– I also liked how Steve was telling them how big the monster’s foot is right over Gilda’s huge shoe
– Steve also takes forever to break the window glass. That had to be intentional and the awkwardness of that moment is quite funny.
*** 1/2

5. Festrunk Brothers: Croatian Dates (7:27)

After their first appearance in the season premiere, the Festrunks (Martin & Aykroyd) are back and this time, they await the arrival of two foxes, but not before their friend Cliff comes over.

– I can’t emphasize how much I love these characters despite their obvious one-note nature. These two just have a fantastic amount of chemistry together and they also got a nice round of applause when the sketch began.
– Man, can Garrett ever get through a sketch without flubbing a line or two? Sometimes it seems like he’s not even trying, but he wasn’t too bad here and he actually had a few funny lines as well. He was on the verge of breaking character a couple of times too.
– This time, the Festrunks have a couple of Croatian girls come over, who basically act like the female versions of Martin and Aykroyd’s characters. Both Jane and Laraine do a good job of it too, as does Belushi who plays their wacky uncle.
– So Croatian chicks are really into black dudes? Alright, then.
– “Goodbye, Cliff. Enjoy your sex!”
**** 1/2

6. MUSICAL PERFORMANCE: “On the Loose with the Blues” (4:30)

The Dirt Band performs their first tune.

– Steve announces that he’s known the band since they were “small,” an amusing reference to his stand-up material.
– This song had a kind of country blues-y type feel to it and for once, I mean that in the most positive way possible. Having never heard this song before, I can say that it was a fairly strong number.

7. The Body Floss (1:33)

A spokesperson (Martin) hypes the new rage in a long line of hygiene products, a body floss which “reaches spaces and places your washcloth just can’t go!”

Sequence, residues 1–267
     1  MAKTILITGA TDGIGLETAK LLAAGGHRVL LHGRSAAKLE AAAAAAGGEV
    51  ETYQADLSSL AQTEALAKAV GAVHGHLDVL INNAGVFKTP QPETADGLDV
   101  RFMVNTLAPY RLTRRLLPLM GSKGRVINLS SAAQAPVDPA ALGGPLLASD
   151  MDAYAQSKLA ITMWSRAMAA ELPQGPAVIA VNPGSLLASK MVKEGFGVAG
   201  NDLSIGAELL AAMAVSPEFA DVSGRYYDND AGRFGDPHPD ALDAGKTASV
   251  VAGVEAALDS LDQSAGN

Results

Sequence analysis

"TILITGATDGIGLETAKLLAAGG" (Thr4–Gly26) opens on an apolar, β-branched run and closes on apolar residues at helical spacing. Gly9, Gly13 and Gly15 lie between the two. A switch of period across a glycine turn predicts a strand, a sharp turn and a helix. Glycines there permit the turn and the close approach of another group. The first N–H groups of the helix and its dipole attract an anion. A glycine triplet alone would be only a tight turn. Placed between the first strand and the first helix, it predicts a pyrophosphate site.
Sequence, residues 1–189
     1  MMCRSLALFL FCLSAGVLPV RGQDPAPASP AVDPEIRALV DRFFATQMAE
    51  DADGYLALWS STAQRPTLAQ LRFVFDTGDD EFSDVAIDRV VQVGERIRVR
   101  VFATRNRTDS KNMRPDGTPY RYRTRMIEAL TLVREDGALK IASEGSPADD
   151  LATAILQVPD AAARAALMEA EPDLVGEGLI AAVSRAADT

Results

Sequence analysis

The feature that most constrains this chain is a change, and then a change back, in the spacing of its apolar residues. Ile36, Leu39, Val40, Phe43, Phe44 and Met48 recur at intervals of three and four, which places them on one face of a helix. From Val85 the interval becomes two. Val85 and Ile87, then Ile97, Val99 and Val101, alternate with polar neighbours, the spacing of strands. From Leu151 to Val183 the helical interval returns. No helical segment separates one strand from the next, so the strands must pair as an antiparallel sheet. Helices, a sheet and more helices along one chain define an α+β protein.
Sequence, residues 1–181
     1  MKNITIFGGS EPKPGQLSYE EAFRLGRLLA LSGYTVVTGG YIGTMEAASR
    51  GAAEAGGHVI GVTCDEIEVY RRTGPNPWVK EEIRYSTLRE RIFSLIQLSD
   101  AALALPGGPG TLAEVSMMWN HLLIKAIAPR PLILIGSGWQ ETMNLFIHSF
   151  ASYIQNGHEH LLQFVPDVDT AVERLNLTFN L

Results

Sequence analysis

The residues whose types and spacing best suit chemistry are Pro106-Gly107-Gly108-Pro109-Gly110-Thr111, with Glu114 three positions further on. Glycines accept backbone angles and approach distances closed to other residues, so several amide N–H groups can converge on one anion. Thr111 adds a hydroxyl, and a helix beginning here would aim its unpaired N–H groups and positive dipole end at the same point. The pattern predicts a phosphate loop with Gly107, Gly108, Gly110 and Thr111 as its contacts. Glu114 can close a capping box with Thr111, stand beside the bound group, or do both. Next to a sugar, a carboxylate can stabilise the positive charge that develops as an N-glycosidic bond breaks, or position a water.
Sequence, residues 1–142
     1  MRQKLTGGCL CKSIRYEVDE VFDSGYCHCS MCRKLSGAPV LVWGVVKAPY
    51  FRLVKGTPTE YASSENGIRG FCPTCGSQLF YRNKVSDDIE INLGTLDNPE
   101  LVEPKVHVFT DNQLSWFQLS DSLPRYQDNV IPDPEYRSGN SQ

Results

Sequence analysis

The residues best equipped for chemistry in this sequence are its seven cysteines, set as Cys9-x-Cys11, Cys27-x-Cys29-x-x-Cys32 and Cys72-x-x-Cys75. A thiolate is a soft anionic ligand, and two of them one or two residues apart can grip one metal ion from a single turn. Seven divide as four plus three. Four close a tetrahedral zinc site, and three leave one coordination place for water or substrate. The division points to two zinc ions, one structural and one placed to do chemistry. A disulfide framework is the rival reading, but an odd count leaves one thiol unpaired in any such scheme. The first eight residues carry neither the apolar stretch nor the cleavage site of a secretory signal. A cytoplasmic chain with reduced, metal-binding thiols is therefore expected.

– Good commercial parody of the hygiene obsession that is still relevant today.
– I usually like whenever the show does ads for these ridiculous products because you know that it’s not that far off from the truth.
– I sure hope Garrett had something on underneath that towel for poor Jane Curtin’s sake. That thing was falling off any second.
– Steve plays a great pitchman and he would do several pieces like that during his hosting stints.
*** 1/2

8. UPDATE TEASER w/Dan Aykroyd

– Economy bus service to Miami. Eh.

9. WEEKEND UPDATE w/Dan Aykroyd and Jane Curtin (7:42)
Guests: Gilda Radner

Best Bits: Silverman taking over NBC; Big Snow; Oral Roberts/Hustler; President Carter’s presidency outlined

– Aykroyd and Curtin have an unmistakeable chemistry together that is sometimes ignored by people who undermine Dan’s work ethic behind the desk. True, he was not always the sharpest anchor, but he did an admirable job most of the time once he got over his initial stage fright.
– The jokes are pretty good this week with the highlight being Jane’s outlining of President Carter’s presidential career up to that point.
– The first (and only) guest commentary comes from Roseanne Rosannadanna, who responds to a “Mr. Richard Feder.” It would always be the same name, except for one occassion I believe, as these letters were just there to set up an off-topic rant for Roseanne. This time, Feder asks what to do when one has no more heat in their apartment. Roseanne turns it into a story about enjoying some soup but finding a long hair in the bowl, which then segues into a story involving a hamburger and a toenail. This was the start of a winning streak for Gilda as this character was much more well-rounded than Emily Litella and her rants often changed enough to refrain from being stale.
– I liked how Dan interjected himself at the end of the rant and caused Gilda to crack up a bit.

10. MUSICAL PERFORMANCE: “Short People,” “Rider In The Rain” (7:11)

Randy Newman starts off by playing his somewhat-controversial song, “Short People,” following it up with “Rider In The Rain,” all the while with the Dirt Band providing backing vocals. Newman also addresses the criticism he’s received towards “Short People” with a big, fat raspberry.

– Newman is a tour-de-force and its great to watch him at his musical prime here.
– Was it just me or did a couple members of the Dirt Band look a bit miffed at having to be Randy’s backup? I don’t know why they would, seeing as how they got two songs of their own to perform.
– For the second tune, one of the Dirt Band singers leaves and another grabs a guitar. It’s a completely different style of song, but it’s another classic tune.

11. Family Feud (7:47)

The long-running gameshow institution features the latest appearance of the Coneheads, who go head-to-head with the struggling Mel family, all while Richard Dawson (Murray) plays emcee.

– This has always been a favourite of mine in the realm of gameshow sketches from Murray’s entertaining Richard Dawson impression to the Mel family (it’s funnier that the Coneheads’ opponents are also funny), and the Coneheads of course.
– I also loved Dawson’s constant abuse of Joe Mel, Jr. (Belushi), due to his inanity at answering questions.